The red-light camera at 15th Avenue and Ospika Boulevard is among 140 throughout B.C. that are now operating at all times - up from six hours a day - the provincial government said Tuesday.
"For too long, cameras with a proven record of curbing red-light runners and the serious crashes they cause were not operating at full capacity," Public Safety Minister and Solicitor General Mike Farnworth said. "Last year, we saw a record 350,000 crashes in B.C., with about 60 per cent of them happening at intersections. The full activation of these cameras is overdue and an important step for safety on some of our busiest roadways."
Since the move to full activation was announced in September 2017, the intersection safety camera program has updated service and data-transmission capacity. It also increased its staff to review incidents and process additional tickets in a timely manner.
Some locations began to operate at higher levels in November 2017, with all locations fully activated by the end of July 2018.
The increase is consistent with international jurisdictions and every province west of Quebec, according to the provincial government.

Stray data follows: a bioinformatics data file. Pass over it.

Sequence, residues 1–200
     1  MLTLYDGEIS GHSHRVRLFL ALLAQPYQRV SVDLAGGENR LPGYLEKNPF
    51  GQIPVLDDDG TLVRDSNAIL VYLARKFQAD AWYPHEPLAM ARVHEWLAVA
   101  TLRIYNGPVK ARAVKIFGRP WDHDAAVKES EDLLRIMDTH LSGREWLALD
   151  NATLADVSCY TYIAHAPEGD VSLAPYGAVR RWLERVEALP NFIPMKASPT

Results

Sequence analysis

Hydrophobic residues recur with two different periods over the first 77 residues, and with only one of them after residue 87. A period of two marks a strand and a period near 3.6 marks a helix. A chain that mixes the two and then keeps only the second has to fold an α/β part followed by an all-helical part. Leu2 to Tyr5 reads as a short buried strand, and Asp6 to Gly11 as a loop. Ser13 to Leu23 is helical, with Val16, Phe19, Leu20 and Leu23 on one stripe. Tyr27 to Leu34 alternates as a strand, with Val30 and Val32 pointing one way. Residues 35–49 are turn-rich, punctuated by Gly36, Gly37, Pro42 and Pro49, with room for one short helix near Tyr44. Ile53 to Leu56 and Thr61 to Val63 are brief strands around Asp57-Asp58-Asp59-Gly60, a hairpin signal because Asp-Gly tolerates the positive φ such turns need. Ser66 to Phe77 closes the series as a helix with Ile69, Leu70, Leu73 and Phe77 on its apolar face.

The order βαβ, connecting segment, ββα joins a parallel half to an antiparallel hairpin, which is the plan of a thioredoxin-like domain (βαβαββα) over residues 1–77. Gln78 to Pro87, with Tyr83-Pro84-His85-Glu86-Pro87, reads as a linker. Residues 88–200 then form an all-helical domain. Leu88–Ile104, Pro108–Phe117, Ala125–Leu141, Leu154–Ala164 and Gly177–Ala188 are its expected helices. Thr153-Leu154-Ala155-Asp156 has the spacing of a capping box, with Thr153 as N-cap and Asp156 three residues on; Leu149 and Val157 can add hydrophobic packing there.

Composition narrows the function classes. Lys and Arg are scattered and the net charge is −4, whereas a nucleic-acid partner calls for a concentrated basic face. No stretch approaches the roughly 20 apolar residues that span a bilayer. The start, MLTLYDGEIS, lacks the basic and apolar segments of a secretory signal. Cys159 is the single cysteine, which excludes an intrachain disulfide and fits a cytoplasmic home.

In B.C., a red-light camera offence occurs when a vehicle enters an intersection after the signal light turns red. The vehicle's registered owner is responsible for the ticket even if they are not driving, but does not receive penalty points on their licence.
In March 2018, the ministry announced plans to add technology at certain locations to ticket the fastest drivers passing through those intersections on red, yellow or green lights. Analysis of crash and speed data is ongoing to determine which locations will receive this technology.
New signs will warn approaching drivers about the enhanced intersection enforcement. The number and locations of the speed-activated cameras will be announced in fall 2018.
Between 2009 and 2013, there were 17 crashes per year at 15th and Ospika, with seven of them resulting in injuries, according to Insurance Corporation of British Columbia.